Travel operators have been enacting wildlife welfare policies for years now, but recent events are marking salient change. Attitudes toward wildlife tourism are shifting. Some commercial practices are cringe-worthy – quickly falling out of vogue – but not all exploitation is necessarily obvious. Here, KNOT takes a look at the industry partners and operators stewarding positive change and examines how travel advisors can become allies to animals.

woman kissing by two dolphins in a turquoise waterAdobe Stock / OceanProd

PLAYING AND POSING WITH dolphins was once considered the highlight of a family vacation to Mexico or Hawaii. An elephant ride was a must in Thailand. But as the conditions captive animals live in have become more widely understood, these and other tourism products involving wild animals have become socially unacceptable, and in some cases illegal.

Last June, Canada passed legislation banning the captivity of whales and dolphins. Air Canada and Transat followed this move by committing to stop selling and promoting captive dolphin entertainment. Air Canada will implement the change by August 2020, while Transat is phasing these activities out over the next two years.

“There will not necessarily be any change at destination this winter and next winter but certainly more awareness,” said Odette Trottier, Transat’s Director of Communications and Corporate Affairs. “The company is asserting its leadership in responsible tourism and responding to the concerns of travellers who are increasingly sensitive to the well-being of these wild animals.”

“Air Canada prides itself on being a progressive organization, including in the area of animal welfare,” said Air Canada spokesperson Peter Fitzpatrick. “More generally, it is our stated policy to comply with local regulations where we operate that protect endangered wildlife in accordance with the Convention on International Trade in Endangered Species of Wild Fauna and Flora.

The Emergence of Wildlife Policies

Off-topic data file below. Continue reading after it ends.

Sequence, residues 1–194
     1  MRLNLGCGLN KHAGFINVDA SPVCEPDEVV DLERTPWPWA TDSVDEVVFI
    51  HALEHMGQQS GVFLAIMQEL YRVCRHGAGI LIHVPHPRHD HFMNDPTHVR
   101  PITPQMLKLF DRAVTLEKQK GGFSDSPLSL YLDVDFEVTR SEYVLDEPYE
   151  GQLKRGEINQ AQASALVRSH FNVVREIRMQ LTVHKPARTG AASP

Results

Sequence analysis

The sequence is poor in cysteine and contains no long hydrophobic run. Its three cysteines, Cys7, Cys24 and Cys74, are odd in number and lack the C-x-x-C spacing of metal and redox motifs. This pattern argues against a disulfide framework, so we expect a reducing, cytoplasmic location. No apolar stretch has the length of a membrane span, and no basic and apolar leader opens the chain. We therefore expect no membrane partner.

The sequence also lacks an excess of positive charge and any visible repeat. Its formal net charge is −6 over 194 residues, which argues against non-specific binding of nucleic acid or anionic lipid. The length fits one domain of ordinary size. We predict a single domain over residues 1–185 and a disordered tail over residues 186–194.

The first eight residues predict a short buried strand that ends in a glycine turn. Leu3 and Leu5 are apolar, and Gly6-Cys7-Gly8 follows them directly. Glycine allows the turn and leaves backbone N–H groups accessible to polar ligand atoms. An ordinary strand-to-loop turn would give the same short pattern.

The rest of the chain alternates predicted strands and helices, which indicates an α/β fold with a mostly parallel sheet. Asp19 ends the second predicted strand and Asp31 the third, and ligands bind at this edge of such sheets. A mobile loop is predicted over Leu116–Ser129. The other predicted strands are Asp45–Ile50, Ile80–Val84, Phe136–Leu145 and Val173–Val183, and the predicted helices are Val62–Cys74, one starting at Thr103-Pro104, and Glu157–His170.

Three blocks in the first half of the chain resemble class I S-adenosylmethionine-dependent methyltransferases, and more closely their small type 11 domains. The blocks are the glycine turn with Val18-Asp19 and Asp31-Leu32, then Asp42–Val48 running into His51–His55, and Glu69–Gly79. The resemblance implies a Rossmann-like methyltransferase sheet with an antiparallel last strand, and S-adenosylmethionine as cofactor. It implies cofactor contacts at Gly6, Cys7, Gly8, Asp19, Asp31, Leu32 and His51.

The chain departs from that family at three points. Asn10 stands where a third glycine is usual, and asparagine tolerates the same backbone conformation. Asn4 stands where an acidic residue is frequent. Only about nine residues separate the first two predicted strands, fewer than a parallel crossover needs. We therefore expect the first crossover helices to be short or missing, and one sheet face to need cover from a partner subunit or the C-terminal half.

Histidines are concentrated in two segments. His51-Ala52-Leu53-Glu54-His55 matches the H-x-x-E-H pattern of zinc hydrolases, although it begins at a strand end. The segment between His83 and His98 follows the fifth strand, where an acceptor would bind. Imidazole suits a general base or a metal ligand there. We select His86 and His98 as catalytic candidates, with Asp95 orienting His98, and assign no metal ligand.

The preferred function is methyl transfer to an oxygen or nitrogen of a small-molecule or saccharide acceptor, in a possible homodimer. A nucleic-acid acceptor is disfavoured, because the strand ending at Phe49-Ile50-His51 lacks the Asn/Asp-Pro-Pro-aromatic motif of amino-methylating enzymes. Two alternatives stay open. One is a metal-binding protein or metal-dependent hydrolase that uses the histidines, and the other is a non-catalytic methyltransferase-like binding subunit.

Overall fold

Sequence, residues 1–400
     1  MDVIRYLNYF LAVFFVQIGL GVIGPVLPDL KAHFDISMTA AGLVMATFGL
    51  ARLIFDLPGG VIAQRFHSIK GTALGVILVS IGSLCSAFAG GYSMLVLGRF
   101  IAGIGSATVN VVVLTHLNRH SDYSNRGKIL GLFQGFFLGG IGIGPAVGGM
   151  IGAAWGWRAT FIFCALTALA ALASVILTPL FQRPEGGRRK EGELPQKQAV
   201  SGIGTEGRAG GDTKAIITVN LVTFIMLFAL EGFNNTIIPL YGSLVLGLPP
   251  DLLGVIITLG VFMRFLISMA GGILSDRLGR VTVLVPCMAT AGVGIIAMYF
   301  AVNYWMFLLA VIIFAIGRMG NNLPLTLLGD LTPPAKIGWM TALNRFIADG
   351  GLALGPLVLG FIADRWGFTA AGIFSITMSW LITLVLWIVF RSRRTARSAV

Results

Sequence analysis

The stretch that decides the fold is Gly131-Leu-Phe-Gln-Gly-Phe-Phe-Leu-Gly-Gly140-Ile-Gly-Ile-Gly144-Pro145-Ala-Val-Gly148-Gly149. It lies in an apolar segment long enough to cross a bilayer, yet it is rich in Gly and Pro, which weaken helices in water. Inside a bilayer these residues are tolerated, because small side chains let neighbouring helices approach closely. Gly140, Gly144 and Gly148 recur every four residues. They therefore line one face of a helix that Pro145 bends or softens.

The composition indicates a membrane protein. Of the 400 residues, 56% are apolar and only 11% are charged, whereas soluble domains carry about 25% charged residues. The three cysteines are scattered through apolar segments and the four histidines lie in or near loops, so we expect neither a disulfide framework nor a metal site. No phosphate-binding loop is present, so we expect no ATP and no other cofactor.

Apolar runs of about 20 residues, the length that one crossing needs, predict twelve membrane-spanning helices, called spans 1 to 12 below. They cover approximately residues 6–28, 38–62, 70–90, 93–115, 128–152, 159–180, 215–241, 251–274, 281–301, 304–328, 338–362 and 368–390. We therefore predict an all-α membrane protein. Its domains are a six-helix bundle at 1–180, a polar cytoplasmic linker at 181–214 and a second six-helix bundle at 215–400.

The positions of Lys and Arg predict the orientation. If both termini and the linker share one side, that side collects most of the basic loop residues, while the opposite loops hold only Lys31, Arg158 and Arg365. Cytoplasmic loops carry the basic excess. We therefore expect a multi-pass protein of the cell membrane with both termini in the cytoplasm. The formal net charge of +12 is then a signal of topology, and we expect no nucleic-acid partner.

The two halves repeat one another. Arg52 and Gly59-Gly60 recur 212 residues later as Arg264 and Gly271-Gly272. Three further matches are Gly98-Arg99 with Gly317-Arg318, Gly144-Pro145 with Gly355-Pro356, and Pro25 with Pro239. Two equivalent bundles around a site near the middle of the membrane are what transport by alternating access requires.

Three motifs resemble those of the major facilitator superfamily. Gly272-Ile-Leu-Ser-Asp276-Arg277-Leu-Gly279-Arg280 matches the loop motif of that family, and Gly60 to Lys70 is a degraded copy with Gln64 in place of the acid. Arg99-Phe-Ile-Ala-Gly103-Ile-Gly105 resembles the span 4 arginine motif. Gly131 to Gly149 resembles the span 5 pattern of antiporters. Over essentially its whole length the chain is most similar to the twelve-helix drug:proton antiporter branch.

lemurG Adventures

It’s becoming more common for travel operators to have – and promote – animal welfare policies. Collette introduced a new “no-touch” policy in 2019 and has committed to auditing all of its tours against the ABTA’s Global Welfare Guidelines for Animals in Tourism by May of next year.

“We know that our guests and our employees care about the welfare of animals and we didn’t have a policy in place, so we felt there was an opportunity for us to make sure that we were following industry best practices,” said John Sutherland, Collette’s Director of Corporate Social Responsibility. “Overall, we have received praise from those in the industry we often work alongside.”

G Adventures has had an animal welfare policy based on the ABTA guidelines since 2014, but the company launched a thoroughly updated policy in October 2019 based on additional input from The Jane Goodall Institute, World Animal Protection and The World Cetacean Alliance. Based on the policy, G Adventures does not offer tours that involve captive elephants, whales or dolphins, or activities that involve handling or touching wild animals.

“Just saying we’re not going to do elephant riding anymore isn’t enough,” said Rachel McCaffery, Senior Sustainability Advisor at G Adventures. “What we tried to do with our animal welfare policy is to really say that humans shouldn’t have contact with wild animals. We’re very clearly drawing a line and saying for animals that would naturally live in the wild, it’s not appropriate to get so close to them."

Changing Expectations

Zimbabwe Matoba National Park Safari Travellers Picture Elephants LandscapeG Adventures